Life on JET, Teaching

Japanese High School Graduation

My high school’s graduation ceremony was on March 1st. The Japanese school year  begins in April, but graduation happens in the beginning of March, midweek, while first and second year students still have classes. It was a fun cultural experience to attend a Japanese graduation because it was so different than a high school graduation ceremony in America. Plus, I wore my very first kimono! Getting up at 5:30 am to have my hair done and be dressed in my Oshima Tsumugi kimono by the most adorable little obachan in the world was so worth it. Oshima Tsumugi is the traditional silk-woven fabric that is carefully handmade right here on Amami. As an Island ALT, I wouldn`t have wanted to wear any other fabric!

Obachan went with a modest obi style for my students’ graduation
But she gave me some flare :)
Pretty amazing for a hairstyle designed around hiding a small tattoo behind my ear.

A teacher suggested I bring a change of clothes to school in case I wanted out of the kimono if it was too uncomfortable, but I decided to wear it all day. I’m so glad that I did because I was able to take so many pictures with the third years while wearing the kimono. Plus, I really enjoyed wearing it for a day. :)

Graduation Seating Arrangements 
The 215 graduates sat front and center of course. To the right of the stage, there were two rows of chairs for the third year teachers. The first row was reserved for the homeroom teachers, and the second was for sub homeroom teachers. (I almost accidentally sat in the homeroom teacher row before I was instructed not to…)  The principal, vice principal, and head of the office sat adjacent to the stage. The section directly behind the third years was for all of the second year students and only four students from each first year class. There was a small section for teachers directly across from the first and second year students. This is where I sat down. Then the back of the room was the family section. Many moms chose to wear kimonos to graduation too. To the left of the stage was a long row of alumni who had graduated 50 years ago (you wouldn’t believe how young they looked for 68) and PTA members. There were more teachers lining the perimeter of the gym, and the school band was on the second floor.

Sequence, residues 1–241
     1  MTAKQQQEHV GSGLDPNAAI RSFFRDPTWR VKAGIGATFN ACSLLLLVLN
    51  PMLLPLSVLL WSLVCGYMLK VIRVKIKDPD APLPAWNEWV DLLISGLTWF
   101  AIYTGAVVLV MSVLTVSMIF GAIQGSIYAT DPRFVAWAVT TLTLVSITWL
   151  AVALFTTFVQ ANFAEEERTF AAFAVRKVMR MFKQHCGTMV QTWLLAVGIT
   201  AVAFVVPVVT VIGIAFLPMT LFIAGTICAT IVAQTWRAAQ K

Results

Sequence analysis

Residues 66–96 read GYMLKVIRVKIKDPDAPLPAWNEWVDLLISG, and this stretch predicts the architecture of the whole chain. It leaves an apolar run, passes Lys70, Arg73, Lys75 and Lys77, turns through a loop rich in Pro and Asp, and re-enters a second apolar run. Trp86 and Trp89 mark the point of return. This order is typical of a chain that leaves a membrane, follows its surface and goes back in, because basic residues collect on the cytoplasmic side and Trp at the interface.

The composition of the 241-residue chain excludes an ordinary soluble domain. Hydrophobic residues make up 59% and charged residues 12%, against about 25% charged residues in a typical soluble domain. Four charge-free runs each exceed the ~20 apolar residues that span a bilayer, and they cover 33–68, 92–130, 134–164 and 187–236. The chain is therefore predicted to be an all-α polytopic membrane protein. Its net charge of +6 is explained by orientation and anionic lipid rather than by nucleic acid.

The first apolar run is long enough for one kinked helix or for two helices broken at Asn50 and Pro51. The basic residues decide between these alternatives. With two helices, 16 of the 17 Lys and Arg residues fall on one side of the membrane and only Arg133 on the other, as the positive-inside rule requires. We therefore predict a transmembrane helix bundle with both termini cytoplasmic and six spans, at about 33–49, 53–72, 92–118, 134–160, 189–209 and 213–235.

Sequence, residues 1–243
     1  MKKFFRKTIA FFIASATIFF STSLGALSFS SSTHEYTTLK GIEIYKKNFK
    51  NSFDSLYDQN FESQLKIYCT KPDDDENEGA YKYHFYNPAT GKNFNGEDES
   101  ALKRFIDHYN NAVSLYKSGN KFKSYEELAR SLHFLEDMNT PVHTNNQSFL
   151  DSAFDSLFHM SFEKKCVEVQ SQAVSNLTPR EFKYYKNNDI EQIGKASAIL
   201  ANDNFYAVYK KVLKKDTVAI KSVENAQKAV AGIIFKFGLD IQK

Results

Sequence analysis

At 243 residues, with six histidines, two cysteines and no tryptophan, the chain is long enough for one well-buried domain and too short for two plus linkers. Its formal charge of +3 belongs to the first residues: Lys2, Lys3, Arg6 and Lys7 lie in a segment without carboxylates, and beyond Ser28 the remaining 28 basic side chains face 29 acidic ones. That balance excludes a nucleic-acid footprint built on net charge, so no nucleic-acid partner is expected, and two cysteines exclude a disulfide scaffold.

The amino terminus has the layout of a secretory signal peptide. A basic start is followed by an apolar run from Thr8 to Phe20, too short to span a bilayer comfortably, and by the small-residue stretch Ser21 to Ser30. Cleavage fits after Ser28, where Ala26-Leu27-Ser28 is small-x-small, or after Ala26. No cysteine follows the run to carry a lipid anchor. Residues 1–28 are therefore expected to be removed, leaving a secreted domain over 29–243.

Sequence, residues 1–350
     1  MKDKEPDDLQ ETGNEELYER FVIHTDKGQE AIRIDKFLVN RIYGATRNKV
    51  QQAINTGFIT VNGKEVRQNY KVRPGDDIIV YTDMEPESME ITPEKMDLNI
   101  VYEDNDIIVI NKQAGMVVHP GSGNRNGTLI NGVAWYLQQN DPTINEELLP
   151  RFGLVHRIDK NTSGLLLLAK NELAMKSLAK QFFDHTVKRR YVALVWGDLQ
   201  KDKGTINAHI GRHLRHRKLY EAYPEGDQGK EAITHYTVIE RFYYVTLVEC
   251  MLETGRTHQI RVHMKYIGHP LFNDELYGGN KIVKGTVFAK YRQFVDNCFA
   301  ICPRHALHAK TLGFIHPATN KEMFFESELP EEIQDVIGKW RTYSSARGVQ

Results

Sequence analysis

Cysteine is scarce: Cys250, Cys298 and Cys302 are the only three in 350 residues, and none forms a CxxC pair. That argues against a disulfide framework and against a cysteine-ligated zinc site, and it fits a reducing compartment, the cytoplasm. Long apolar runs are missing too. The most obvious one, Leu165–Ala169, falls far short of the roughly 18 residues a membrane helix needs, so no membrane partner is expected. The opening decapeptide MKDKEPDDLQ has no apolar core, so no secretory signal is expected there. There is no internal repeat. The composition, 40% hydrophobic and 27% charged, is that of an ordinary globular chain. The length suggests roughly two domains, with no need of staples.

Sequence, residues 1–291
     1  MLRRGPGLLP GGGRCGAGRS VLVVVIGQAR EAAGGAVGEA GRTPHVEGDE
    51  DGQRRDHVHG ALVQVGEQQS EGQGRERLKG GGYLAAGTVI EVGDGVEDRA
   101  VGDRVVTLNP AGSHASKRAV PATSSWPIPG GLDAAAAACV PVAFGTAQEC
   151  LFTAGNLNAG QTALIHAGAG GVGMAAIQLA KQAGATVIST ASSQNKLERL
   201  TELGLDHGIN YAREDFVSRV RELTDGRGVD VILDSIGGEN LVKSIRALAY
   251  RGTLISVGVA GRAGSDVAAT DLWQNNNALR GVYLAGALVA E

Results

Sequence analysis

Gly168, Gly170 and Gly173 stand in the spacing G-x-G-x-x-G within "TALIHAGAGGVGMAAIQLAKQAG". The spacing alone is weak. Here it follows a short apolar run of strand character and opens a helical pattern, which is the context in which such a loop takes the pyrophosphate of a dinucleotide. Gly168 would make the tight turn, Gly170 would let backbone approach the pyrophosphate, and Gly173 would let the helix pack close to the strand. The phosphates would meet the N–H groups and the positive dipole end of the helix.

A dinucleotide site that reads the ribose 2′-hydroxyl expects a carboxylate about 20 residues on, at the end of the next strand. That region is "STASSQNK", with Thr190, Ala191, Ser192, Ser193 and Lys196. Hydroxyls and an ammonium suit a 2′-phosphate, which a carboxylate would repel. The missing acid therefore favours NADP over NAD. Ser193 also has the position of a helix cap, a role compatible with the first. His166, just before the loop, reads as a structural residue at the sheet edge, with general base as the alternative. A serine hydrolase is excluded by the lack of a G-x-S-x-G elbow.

The Ceremony
Just before 10 am, the band started to play Pomp and Circumstance and the homeroom teachers (they always wear a special kimono for graduation) lead their third year class into the gym. Instead of a cap and gown, students wear the school uniform they wear every day. Students were seated by homeroom class and not in alphabetical order.

After everyone (except for me) sang Japan`s National Anthem and the School Song, the principal gave a quick speech, and then it was time for the homeroom teachers to announce their graduates` names (complete with live piano accompaniment.) When a student`s name was called, they popped up and shouted “HAI!”I think it was a competition between the boys in each class to see who could shout “hai” the most emphatically. It was actually really entertaining, and the most ridiculous “hais” garnered some laughs.

Once the last student’s name was called in a class, one student walked on stage and formally received the diplomas on behalf of everyone from the principal. The student had to execute a lot of fancy footwork and bows in every direction before returning to their seat. The rest of the class remained standing until the student who received the diplomas told them to sit. It was cool to watch as each homeroom class moved as a collective unit.